Speaker helps student leaders get practical experience
Heather Bryant / Sun Star Reporter
April 12, 2011
Approximately 60 students and teachers gathered in Schaible Auditorium on Tuesday, April 5 for speaker John “Jack” McKillip. McKillip is a retired professor of applied psychology. He ran a consulting firm within the department of psychology at Southern Illinois University. Applied Research Consulting (ARC) is a required practicum in which students transferred skills from classroom learning to real world applications. Clients of the firm included groups such as Microsoft, the U.S. Navy Medical Services Corp, and the Illinois Board of Education.
McKillip’s presentation explained the aspects of ARC and the benefits and responsibilities of the participating groups.
“The whole point is to learn what it is to apply their classroom experience,” McKillip said.
Graduate student Charles Allen attended the speech to learn about how the program works.
“My main draw tonight was that he was talking about experiential learning like the student investment fund we have here,” Allen said. “I would like to see more of that in the university.”
Students in the ARC program had to find and interact with clients. They researched what clients wanted, developed estimates, bid on the client’s project, and developed a contract. If they landed the job, they then had to do all the work, make a presentation and deliver a written product.
“In the schoolwork, they learned a lot of what you do once you have a problem and how you research that problem. But they didn’t have a lot of experience interacting with people that weren’t in school,” McKillip said.
An important part of the learning experience was turning the research into something easily understood by the client. “You can understand it as a researcher,” McKillip said. “But then you have to explain it to whomever you’re working for.”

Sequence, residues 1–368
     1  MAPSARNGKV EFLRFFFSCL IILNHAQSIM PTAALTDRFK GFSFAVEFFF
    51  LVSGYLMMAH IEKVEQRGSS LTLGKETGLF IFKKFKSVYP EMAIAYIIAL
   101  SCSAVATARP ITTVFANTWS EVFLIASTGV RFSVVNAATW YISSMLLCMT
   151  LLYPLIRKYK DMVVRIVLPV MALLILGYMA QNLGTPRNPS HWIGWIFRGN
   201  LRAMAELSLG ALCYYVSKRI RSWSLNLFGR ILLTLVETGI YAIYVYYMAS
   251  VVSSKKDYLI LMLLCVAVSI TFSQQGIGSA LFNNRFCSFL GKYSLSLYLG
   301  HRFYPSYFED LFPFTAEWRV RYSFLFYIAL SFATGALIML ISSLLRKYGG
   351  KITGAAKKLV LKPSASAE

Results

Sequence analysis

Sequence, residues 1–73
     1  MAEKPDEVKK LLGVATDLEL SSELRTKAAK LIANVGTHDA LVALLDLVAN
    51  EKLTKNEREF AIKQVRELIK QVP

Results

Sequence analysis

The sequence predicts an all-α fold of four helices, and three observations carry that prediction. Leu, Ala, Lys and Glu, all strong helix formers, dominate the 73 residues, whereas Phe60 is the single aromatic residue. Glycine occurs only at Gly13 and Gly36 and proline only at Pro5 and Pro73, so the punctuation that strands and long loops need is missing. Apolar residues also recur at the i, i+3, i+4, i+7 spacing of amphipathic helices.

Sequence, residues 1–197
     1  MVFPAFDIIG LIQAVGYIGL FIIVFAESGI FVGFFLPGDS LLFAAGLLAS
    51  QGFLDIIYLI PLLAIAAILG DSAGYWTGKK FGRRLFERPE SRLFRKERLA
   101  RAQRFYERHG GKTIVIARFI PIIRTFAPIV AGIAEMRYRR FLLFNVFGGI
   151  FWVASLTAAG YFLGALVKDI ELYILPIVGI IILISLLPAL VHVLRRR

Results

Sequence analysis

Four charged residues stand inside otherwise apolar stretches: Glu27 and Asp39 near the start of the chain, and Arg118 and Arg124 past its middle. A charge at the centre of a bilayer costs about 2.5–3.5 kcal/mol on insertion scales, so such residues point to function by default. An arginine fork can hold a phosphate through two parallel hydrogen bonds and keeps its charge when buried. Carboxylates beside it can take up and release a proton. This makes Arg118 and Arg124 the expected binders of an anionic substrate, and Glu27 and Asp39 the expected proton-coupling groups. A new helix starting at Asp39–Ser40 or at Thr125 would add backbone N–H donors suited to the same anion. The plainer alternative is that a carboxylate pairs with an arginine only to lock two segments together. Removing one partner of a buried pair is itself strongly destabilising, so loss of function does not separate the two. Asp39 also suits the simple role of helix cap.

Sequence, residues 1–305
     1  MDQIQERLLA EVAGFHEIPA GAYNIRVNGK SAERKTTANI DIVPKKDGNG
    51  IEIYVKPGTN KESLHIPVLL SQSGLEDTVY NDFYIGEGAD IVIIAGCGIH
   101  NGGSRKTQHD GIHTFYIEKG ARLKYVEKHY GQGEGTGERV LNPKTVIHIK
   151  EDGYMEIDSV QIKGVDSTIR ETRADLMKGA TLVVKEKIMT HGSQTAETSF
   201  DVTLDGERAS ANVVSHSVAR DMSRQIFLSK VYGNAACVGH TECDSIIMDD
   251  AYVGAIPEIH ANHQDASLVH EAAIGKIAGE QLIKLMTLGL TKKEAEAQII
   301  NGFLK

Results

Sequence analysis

Professor Nicole Cundiff, director of the Northern Leadership School, was one of McKillip’s students.
“Jack is one of the most influential people in my career,” Cundiff said. She participated in the ARC program for three years while obtaining her doctorate.
Cundiff credits a group of students for getting McKillip to come to Alaska.
“It was a group of students that had come and talked to me several times about their interest in developing some type of program where they would be able to use what they are learning about in the classroom in applied settings,” Cundiff said. “ They wanted to be able to use what they are learning in accounting, human resource classes and other classes like that to help the community.”
Student Paul Miranda, a senior, attended the speech after learning about it in Cundiff’s leadership class. An emergency management major, Miranda liked that the program offered the chance to apply classroom skills.
“I thought it was interesting how he talked about the advantages to the students, like the skill development and the interaction between academics and real-world experience,” Miranda said.
Following the presentation, attendees gathered in the lobby for Hot Licks ice cream. Allen took the opportunity to speak with McKillip.
“I wanted his input as to how we could actually make this happen for the university, so the different departments are talking to one another and utilizing the resources that students can provide,” Allen said.